Strategic CIO // Executive Insights & Innovation
Commentary
3/9/2010
11:29 AM
Alexander Wolfe
Alexander Wolfe
Commentary
Connect Directly
Facebook
Twitter
RSS
E-Mail
50%
50%

Cisco Boosts Bandwidth Play With CRS-3 Intro

Cisco took its bandwidth strategy to the next level on Tuesday, unveiling an ultra-high-capacity carrier routing system. The CRS-3 product announcement culminates several weeks of hype, during which Cisco teased it as news which would "change the Internet forever." In reality, it's a smart, incremental move intended to position Cisco as the go-to bandwidth provider.

Cisco took its bandwidth strategy to the next level on Tuesday, unveiling an ultra-high-capacity carrier routing system. The CRS-3 product announcement culminates several weeks of hype, during which Cisco teased it as news which would "change the Internet forever." In reality, it's a smart, incremental move intended to position Cisco as the go-to bandwidth provider.I'm live-blogging Cisco's Webcast of the CRS-3 router announcement. So here's the basic news, via the Cisco press release:

"Cisco today announced a major advancement in Internet networking - the Cisco® CRS-3 Carrier Routing System (CRS) - designed to serve as the foundation of the next-generation Internet and set the pace for the astonishing growth of video transmission, mobile devices and new online services through this decade and beyond.

With more than 12 times the traffic capacity of the nearest competing system, the Cisco CRS-3 is designed to transform the broadband communication and entertainment industry by accelerating the delivery of compelling new experiences for consumers, new revenue opportunities for service providers, and new ways to collaborate in the workplace."

What this is in reality is a higher capacity router, which, as the release notes, triples the capacity of its CRS-1 predecessor, to 322 terabits per second. This enables Cisco to correctly note that the switch is ideal for delivering video, as well as supporting cloud computing.

That two-fer marketing message--business and consumer in the same breath (since video is as much as consumer play as it is a workplace medium)--is consistent with my long-time take on Cisco.

As I put in Cisco Video Thrust Telegraphs Bandwidth-Bandit Strategy: "I think this blurring of the line between corporate and consumer networks will be something that all networking vendors will have to navigate in the coming few years. In this regard, Cisco is seemingly pacing the pack."

Webcast Bits:

Here are some quotes from the Tuesday morning Cisco 'cast:

  • Cisco chairman Chambers: "Video is the killer app." (Hey, they bought Flip maker Pure Digital as a video BW play.)

  • Keith Cambron, prez of AT&T Labs, says AT&T carries 19 petabytes of video data every business day.

  • Chambers on #Cisco: "[We're] moving from being a plumber to how we deliver a whole new generation of business models."

  • Chambers talked about how he sees college students using Flip cameras to create stuff for classes. This leads into the meme of colleges becoming increasingly big users of BW, and thus needing to buy more switches. From Cisco.

  • AT&T's Cambron talked about how AT&T's enterprise customers are increasing their use of video, and therefore switches like this are important because they enable AT&T to "seemlessly support" video. On the competitive front, Cambron seems to give a nod toward the Cisco video-switching approach becoming a standard; it's hard to know whether this is an off-the-cuff remark, or if he's indicating some serious affinity for Cisco's switches.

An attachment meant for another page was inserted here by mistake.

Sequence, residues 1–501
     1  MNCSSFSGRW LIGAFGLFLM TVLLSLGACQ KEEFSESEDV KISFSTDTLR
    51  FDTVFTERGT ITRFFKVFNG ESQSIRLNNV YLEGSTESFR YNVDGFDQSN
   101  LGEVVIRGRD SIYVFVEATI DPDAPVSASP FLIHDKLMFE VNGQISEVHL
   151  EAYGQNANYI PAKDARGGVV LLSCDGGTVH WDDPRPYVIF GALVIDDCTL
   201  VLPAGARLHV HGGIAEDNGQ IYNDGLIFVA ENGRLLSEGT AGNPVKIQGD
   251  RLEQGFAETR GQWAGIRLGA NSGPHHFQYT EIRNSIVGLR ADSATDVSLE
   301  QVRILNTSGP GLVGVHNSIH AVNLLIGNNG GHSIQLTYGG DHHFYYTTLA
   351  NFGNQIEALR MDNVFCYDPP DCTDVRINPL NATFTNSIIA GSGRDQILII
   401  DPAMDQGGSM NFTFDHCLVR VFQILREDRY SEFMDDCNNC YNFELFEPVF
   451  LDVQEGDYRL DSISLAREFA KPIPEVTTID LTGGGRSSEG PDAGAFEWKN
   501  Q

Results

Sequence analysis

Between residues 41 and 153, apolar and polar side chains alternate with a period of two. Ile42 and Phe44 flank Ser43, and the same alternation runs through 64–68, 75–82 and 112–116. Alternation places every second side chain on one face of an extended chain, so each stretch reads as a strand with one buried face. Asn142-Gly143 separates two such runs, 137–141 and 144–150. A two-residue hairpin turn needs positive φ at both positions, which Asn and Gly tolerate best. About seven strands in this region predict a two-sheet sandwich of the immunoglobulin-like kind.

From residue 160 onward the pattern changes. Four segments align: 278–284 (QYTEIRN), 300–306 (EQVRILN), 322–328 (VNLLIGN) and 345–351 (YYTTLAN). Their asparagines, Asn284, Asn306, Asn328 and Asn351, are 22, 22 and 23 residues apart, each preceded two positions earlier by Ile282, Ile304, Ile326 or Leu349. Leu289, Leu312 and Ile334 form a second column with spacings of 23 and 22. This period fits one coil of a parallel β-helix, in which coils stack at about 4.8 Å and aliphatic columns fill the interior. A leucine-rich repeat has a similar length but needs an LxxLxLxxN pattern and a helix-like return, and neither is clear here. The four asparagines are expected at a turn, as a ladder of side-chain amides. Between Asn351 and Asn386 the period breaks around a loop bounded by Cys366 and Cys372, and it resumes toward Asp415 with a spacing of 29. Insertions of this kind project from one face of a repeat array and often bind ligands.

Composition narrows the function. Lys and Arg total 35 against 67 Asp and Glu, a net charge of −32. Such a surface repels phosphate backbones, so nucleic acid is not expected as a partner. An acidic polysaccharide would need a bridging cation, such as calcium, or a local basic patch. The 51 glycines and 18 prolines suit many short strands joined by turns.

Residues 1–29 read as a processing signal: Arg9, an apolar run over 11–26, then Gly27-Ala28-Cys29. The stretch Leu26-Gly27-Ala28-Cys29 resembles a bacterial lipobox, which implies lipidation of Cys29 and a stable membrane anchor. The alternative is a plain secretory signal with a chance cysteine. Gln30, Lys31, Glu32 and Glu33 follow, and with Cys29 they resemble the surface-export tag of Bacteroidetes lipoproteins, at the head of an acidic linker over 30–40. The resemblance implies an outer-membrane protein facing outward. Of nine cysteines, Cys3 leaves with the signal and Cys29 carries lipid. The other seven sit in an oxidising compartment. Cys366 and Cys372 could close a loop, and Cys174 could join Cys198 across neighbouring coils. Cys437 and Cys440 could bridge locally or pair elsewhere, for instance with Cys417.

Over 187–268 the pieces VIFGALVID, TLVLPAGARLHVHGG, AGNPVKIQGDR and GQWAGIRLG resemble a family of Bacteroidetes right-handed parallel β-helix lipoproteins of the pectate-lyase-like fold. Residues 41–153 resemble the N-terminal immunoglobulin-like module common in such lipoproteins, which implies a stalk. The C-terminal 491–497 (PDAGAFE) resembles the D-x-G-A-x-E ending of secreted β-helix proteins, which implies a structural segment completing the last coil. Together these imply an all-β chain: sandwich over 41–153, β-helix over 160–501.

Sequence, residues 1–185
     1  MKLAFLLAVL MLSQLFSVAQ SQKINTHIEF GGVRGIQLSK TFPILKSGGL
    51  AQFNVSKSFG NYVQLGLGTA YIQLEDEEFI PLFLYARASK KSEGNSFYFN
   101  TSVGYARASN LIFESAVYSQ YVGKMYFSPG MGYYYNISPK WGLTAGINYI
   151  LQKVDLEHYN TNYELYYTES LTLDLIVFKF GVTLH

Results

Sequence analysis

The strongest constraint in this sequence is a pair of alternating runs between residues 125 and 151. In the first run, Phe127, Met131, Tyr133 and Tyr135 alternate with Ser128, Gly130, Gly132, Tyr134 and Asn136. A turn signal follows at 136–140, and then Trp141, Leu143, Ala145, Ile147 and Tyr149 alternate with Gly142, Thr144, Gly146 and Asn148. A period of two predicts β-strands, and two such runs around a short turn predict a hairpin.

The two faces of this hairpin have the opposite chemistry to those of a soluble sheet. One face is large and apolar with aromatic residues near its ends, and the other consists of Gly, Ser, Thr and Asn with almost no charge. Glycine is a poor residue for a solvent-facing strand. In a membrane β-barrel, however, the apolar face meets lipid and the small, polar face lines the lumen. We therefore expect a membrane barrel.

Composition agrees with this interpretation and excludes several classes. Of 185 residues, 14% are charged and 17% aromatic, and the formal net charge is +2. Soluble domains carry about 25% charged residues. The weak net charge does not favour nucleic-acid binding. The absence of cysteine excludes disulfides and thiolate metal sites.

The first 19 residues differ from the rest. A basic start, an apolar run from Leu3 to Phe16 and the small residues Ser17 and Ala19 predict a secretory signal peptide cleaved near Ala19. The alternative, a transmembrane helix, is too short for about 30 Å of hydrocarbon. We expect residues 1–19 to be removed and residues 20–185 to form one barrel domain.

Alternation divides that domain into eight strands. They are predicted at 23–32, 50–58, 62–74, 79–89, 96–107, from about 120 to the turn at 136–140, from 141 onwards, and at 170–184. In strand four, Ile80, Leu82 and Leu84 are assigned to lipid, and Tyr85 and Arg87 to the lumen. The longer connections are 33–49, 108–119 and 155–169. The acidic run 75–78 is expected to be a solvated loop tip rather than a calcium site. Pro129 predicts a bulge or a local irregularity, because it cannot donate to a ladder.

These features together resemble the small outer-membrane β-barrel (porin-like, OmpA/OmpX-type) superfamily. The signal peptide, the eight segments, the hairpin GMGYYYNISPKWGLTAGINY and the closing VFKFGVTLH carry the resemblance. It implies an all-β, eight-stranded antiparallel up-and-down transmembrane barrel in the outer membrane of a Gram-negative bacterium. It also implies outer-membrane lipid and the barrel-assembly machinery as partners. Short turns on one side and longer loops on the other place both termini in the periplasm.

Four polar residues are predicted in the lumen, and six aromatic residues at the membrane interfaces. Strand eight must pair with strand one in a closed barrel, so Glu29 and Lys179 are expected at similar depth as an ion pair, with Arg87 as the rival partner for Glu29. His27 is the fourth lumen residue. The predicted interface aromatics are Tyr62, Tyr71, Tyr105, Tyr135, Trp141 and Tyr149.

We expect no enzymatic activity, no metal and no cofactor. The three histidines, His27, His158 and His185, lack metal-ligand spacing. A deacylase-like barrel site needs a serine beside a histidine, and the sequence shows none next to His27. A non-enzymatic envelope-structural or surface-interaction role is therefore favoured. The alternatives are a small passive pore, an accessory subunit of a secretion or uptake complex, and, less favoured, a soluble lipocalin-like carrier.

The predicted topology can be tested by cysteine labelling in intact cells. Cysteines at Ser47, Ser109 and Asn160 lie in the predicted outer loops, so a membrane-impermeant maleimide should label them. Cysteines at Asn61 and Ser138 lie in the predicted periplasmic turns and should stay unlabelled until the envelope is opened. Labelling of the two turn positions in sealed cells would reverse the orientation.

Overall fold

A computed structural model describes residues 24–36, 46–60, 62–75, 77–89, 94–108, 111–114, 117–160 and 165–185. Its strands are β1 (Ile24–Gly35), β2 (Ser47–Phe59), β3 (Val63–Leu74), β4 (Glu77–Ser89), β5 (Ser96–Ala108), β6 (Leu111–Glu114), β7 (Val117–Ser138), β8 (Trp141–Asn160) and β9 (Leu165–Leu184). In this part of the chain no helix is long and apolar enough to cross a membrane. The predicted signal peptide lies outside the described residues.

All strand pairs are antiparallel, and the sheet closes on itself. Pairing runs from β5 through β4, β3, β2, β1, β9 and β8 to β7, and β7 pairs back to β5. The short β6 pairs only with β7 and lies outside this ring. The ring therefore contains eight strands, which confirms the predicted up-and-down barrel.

• Chambers again: "We love anybody who loads networks.. .I love Google. . .But it does require the ability [to intelligently manage the switch so you deliver proper response times]."

  • Cisco's Pankaj Patel, general manager of the company's Service Provider Group, talks importance of Cisco designing their own ASICs (semiconductors) for the switch. I've heard same from Juniper. This is network companies noting their chip-architecture skills as a competitive differentiator. (I've also always felt that they feel most people don't understand they do this. Average person in street thinks chips equals PCs, I guess.)

    Stay tuned; we will have more coverage of the news on InformationWeek and NetworkComputing today.

    Follow me on Twitter: (@awolfe58)

    Like this blog? Subscribe to its RSS feed: (here)

      LinkedIn

    Alex Wolfe is editor-in-chief of InformationWeek.com.

    Comment  | 
    Print  | 
    More Insights
  • The Business of Going Digital
    The Business of Going Digital
    Digital business isn't about changing code; it's about changing what legacy sales, distribution, customer service, and product groups do in the new digital age. It's about bringing big data analytics, mobile, social, marketing automation, cloud computing, and the app economy together to launch new products and services. We're seeing new titles in this digital revolution, new responsibilities, new business models, and major shifts in technology spending.
    Register for InformationWeek Newsletters
    White Papers
    Current Issue
    InformationWeek Tech Digest - August 20, 2014
    CIOs need people who know the ins and outs of cloud software stacks and security, and, most of all, can break through cultural resistance.
    Flash Poll
    Video
    Slideshows
    Twitter Feed
    InformationWeek Radio
    Sponsored Live Streaming Video
    Everything You've Been Told About Mobility Is Wrong
    Attend this video symposium with Sean Wisdom, Global Director of Mobility Solutions, and learn about how you can harness powerful new products to mobilize your business potential.